- Randy Moss, WR, Patriots -- Many people are completely sold that Moss will magically return to form this year just because he's playing with Tom Brady and a solid New England Patriots team. But how is this choice a good fantasy decision, especially if he's taken in the first few rounds? Moss has, in previous seasons, admitted to taking downs off and giving less than 100% effort. Not only that, but he's playing on a team that spreads the ball around to all receivers and throws TD passes to LINEBACKERS in the red zone. Count me out.

- Clinton Portis, RB, Redskins -- I hate to say it, but something just seems wrong with Portis. I don't know if he's become injury prone or what, but I'm not sure if he's a reliable selection anymore. He's also stopped dressing up before games in ridiculous outfits, which is also a real shame. And to top that all off, his Vick remarks during the off season were, in a few words, confusing and stupid. Ladell Betts, who will get a share of the workload and also serves as the 3rd down back frequently, may end up with the bulk of the carries before the year is over.

Frank Gore, RB, 49ers -- The addition of Gore may be confusing to some people. I think Gore is a great player, and he was outstanding last year, but Norv Turner is no longer the 49ers offensive coordinator, and I expect the offense to regress a bit. Gore may put up decent numbers, but I doubt he'll repeat what he did last season. Currently he's dealing with a fractured hand, which may also hurt him somewhere down the road this year.

Michael Vick, QB, Falcons -- Just kidding. But you know someone is going to draft him in your league. Just wait...

Matt Hasselbeck, QB, Seahawks -- I've been waiting for a few years now to see Hasselbeck move to the elite quarterback level, but it never happens. Hasselbeck has the weapons around him to put up huge numbers, but inconsistency and injury concerns always seem to surround his output. I think he's a good quarterback, sure, but a great quarterback? Not really. If he stays healthy, he can put up decent numbers but nothing spectacular.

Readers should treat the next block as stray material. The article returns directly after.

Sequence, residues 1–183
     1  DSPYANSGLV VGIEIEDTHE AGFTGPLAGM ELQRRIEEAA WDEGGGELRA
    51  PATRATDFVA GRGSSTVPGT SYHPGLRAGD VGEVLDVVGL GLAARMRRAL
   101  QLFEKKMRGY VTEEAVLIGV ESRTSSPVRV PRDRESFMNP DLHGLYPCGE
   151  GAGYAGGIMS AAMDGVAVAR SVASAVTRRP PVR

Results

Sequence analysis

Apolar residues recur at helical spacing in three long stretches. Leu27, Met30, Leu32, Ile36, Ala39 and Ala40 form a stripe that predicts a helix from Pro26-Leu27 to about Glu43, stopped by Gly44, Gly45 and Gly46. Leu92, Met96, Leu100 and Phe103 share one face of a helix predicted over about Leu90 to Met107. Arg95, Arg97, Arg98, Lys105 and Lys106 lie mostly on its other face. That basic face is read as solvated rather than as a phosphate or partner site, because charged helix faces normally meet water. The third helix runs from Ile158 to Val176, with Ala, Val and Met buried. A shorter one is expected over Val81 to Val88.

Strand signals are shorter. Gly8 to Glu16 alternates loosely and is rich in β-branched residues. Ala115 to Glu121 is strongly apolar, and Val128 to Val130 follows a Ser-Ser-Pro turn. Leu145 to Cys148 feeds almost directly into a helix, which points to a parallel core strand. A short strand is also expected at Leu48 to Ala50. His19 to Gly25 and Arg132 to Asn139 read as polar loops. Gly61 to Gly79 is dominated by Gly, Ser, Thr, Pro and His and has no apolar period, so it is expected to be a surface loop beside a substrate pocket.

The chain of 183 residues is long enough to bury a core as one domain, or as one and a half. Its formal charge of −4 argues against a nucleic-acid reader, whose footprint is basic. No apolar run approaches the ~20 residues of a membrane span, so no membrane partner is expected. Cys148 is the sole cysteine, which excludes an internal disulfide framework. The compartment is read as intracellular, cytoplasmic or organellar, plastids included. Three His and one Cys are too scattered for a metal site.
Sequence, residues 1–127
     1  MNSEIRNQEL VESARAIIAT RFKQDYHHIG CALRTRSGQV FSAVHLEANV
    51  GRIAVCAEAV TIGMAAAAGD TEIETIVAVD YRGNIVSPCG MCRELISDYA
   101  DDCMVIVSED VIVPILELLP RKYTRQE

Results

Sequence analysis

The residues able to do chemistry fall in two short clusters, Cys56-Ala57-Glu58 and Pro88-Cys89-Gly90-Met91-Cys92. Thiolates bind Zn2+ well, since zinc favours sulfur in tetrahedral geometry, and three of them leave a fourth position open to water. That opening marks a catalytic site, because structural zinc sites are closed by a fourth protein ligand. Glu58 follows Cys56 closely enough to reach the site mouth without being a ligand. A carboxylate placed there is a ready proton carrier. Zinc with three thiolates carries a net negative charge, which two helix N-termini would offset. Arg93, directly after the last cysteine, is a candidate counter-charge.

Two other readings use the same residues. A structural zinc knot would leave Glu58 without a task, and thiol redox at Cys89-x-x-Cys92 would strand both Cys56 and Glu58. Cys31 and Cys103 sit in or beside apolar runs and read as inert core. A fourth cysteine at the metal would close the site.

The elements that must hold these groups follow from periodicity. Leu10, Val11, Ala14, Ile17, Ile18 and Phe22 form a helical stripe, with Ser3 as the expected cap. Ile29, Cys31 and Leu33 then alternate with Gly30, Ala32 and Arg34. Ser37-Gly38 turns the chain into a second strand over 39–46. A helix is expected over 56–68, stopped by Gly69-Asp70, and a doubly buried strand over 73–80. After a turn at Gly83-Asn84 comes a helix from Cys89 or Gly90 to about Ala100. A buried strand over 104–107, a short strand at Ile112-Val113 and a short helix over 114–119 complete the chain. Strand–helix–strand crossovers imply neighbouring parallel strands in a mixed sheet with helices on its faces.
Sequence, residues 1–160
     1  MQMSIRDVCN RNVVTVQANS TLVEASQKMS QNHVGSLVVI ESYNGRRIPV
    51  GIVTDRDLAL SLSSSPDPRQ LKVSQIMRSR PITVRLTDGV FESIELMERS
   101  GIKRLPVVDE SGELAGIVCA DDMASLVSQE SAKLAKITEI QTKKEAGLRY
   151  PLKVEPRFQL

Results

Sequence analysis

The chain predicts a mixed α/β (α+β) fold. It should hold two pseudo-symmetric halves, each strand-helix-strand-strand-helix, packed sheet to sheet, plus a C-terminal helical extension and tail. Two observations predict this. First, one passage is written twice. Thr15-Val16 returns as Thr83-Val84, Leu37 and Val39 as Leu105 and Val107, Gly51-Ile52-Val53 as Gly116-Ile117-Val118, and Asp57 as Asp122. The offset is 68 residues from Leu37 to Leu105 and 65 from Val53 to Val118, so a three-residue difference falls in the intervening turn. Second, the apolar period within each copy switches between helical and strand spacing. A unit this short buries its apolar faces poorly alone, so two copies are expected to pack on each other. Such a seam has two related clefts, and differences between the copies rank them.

Eli Manning, QB, Giants -- Eli Manning has never really been one of my favorite players, and actually, he might be my least favorite player. Out of all the charades the Giants went through to get Manning a few years ago, he's really failed to live up to the hype. He has the talent, I guess, but I doubt he'll ever be anything like his brother. Anyway, with the loss of Tiki Barber, the backbone of the Giants offense is gone. Brandon Jacobs and Reuben Droughns will try to save the running game, but Barber meant so much more. He not only ran well, but he caught dump passes and screens out of the backfield to present a whole other dimension for that offense. Without Barber there as a safety net for Manning, it's time for him to put up or shut up.

Antonio Gates, TE, Chargers -- I know, surprising, right? Here's my problem with Gates -- he's the best tight end in the NFL, hands down. But is he that much better to be taking him so much earlier than the rest of the tight end crop? I don't think so. Last year Gates had 924 receiving yards and 9 TDs. Those are the best numbers for tight ends, but he's not really that far away from several others. In a standard scoring league, Gates accumulated 139 fantasy points. The next five closest were Alge Crumper with 118, Tony Gonzalez with 115, Todd Heap with 105, Chris Cooley with 104, and Kellen Winslow with 99. That's not a huge difference. When you consider that Gates is usually picked up by the 3rd or 4th round, the value doesn't always fit. And with Tomlinson scoring so many touchdowns and getting so many carries inside the red zone, Gates may not eclipse 10 TDs again this season. He's the best TE, but I think owners may just be better off going with a later TE choice and picking up another position earlier.


I guess that's it as far as the fantasy football information goes. My list turned more into whose value may end up being lower in a certain draft slot or position than who I would completely avoid in a draft. It's hard to discount anyone except for players who are just plain bad. Good luck with drafting this year.

And by the way, I fully expect at least half of these guys to have monster seasons just because I mentioned any of this. Hooray NFL!